Some trees and hedgerows are protected. You need our permission before you do any work on them
Trees can be protected in three ways:
1. Protection by a Tree Preservation Order (TPO)
2. Protection by virtue of being located within a Conservation Area
3. Protection by virtue of a condition(s) being attached to an earlier planning permission relating to the site.
So before doing any work, you should contact our Development Control Team firstname.lastname@example.org to clarify whether the tree(s) are affected in one or more of these ways.
There are over 500 Tree Preservation Orders that are in force in North West Leicestershire, which you can view on our list Tree Preservation Orders February 2024 (Word Document, 0.1 Mb)
For consent to carry out works to trees protected by a Tree Preservation Order or within a conservation area, you can download the relevant form (PDF Document, 0.54 Mb) and Tree Guidance Note (PDF Document, 0.18 Mb), or apply online via the Planning Portal.
Getting a Tree Protected
If you consider that a tree is worthy of protection, please write or email us email@example.com to identifying the tree(s) in question and outlining why you consider it should be protected.
Trees are the responsibility of whoever owns the land. The owner of the land is responsible for the maintenance of the trees. The responsibility to remedy a tree hazard rests solely with the tree owner and not the District Council (unless the District Council owns the tree), and this includes trees protected by a Tree Preservation Order and/or in a Conservation Area.
The District Council is therefore unable to assist in any assessment of the trees’ health or condition, and will be unable to carry out site assessments to view the trees or works to the trees, irrespective of whether they are protected or not. Matters relating to trees, including tree safety, are a civil matter to be resolved by the tree owner and the person(s) affected by the trees, unless highway users are at risk (which would be dealt with by Leicestershire County Council).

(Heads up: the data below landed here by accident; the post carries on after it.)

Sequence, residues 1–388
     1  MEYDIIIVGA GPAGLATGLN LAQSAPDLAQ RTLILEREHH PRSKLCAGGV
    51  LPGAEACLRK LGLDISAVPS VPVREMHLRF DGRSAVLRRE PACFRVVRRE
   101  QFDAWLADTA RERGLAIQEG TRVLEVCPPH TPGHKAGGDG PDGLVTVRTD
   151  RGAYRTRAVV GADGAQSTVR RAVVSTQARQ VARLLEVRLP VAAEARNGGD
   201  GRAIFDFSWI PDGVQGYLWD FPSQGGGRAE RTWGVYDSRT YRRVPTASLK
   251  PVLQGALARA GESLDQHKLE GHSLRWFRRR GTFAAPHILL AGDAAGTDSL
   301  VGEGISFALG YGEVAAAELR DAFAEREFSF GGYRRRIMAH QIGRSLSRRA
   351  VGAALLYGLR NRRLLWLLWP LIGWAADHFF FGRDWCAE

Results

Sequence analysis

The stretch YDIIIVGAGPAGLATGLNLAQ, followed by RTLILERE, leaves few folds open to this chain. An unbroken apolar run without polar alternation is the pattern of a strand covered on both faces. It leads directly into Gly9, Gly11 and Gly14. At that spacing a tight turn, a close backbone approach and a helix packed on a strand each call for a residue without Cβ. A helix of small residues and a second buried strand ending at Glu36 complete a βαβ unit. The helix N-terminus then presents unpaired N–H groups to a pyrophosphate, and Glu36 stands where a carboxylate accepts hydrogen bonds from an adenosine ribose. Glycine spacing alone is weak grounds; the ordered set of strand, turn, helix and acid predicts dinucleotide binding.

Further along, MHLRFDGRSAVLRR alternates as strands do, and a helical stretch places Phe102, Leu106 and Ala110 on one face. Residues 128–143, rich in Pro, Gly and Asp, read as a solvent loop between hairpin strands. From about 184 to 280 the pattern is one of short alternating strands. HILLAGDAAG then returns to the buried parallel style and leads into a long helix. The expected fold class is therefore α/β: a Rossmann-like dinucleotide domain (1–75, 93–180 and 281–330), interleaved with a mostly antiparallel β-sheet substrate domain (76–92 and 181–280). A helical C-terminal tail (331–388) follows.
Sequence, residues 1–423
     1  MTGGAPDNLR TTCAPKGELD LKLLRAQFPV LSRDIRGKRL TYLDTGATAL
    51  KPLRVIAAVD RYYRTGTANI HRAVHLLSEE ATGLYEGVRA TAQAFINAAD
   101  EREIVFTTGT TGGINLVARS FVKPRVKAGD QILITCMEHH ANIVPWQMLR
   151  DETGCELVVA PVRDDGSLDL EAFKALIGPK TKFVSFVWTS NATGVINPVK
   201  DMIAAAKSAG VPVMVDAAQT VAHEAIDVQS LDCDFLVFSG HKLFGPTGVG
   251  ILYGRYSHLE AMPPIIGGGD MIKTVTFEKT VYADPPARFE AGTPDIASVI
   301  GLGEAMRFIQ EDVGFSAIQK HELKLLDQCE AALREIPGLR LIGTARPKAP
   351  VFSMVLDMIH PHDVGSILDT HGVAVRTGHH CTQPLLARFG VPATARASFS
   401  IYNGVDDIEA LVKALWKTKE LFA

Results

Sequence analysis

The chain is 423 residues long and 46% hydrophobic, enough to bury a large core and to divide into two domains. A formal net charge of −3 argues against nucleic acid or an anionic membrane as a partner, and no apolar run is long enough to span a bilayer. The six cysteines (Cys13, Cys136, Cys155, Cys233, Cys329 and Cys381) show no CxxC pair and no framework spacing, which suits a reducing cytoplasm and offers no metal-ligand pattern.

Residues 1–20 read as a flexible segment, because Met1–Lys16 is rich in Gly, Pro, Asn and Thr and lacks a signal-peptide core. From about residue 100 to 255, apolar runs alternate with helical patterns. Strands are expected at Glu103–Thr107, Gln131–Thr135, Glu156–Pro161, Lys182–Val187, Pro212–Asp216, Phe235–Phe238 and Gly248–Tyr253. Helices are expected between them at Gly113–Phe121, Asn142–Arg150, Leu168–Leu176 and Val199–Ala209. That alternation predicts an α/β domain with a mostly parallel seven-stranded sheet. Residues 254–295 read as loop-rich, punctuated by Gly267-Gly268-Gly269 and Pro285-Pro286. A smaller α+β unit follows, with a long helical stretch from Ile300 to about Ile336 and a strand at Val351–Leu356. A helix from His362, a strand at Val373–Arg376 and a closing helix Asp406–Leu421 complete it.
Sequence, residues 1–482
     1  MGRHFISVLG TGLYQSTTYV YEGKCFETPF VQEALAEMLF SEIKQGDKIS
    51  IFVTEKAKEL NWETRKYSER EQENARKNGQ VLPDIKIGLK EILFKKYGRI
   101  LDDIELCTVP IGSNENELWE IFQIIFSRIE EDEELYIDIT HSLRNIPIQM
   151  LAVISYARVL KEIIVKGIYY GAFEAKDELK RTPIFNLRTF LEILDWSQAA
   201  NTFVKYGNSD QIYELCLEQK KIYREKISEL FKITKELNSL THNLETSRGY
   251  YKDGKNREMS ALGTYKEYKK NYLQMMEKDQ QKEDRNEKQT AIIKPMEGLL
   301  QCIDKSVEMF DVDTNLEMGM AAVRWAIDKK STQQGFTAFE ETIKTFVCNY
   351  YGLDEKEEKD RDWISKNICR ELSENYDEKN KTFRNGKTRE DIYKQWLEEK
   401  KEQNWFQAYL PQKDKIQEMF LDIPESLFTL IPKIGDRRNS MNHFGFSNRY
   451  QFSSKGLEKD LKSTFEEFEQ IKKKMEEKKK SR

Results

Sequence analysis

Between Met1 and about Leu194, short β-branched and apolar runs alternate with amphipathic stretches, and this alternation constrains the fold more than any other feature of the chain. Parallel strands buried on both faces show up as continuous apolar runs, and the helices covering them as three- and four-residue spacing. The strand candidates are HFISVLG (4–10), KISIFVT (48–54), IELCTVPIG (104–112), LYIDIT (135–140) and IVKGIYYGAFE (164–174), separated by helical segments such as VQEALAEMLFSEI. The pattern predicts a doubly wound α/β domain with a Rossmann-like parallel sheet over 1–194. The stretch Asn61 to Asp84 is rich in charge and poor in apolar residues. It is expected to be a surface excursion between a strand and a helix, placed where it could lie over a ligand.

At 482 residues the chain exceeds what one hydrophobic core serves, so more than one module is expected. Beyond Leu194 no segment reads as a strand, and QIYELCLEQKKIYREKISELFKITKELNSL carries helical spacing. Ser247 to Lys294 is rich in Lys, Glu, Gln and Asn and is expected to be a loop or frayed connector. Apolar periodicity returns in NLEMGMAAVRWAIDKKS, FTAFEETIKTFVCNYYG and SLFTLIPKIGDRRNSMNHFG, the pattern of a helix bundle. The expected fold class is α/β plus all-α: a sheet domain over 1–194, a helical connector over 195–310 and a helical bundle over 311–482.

As such it is the tree owner’s responsibility to carry out whatever work is necessary to make trees safe in an emergency situation and/or to carry out any other works to the trees. The consent of the tree owner will be required before any works are carried out to any tree.
If the trees are protected then we recommended that you seek your own independent arboricultural advice and then submit a formal application for works to trees in a Conservation area of works to a tree protected by a Tree Preservation Order. You can download the relevant form (PDF Document, 0.54 Mb) and Tree Guidance Note (PDF Document, 0.18 Mb), or apply online via the Planning Portal.
Dangerous Trees (which are not Protected).
From a legal point of view, the responsibility to remedy a hazard rests solely with the tree owner and not the Council. As such it is the tree owners responsibility to carry out whatever work is necessary to make a tree safe in an emergency situation. If you feel that a neighbour's tree may cause a danger to you or your property, we advise you to approach your neighbour directly and seek the advice of a qualified professional. NWLDC Officers have no delegated powers in respect of Local Government (Miscellaneous Provisions) Act and cannot intervene on behalf of aggrieved neighbours.
Dangerous Trees which are Protected - Five Day Exemption for Works
As set out above, the resposibiltiy to remedy a hazard rests solely with the tree owner and not the Council.
It is possible for works to be carried out a tree that is not dead and that is protected by a Tree Preservation Order to the extent that the works are urgently necessary to remove an immediate risk of serious harm, provided the District Council is given at least five working days’ notice in writing of the works taking place to the tree.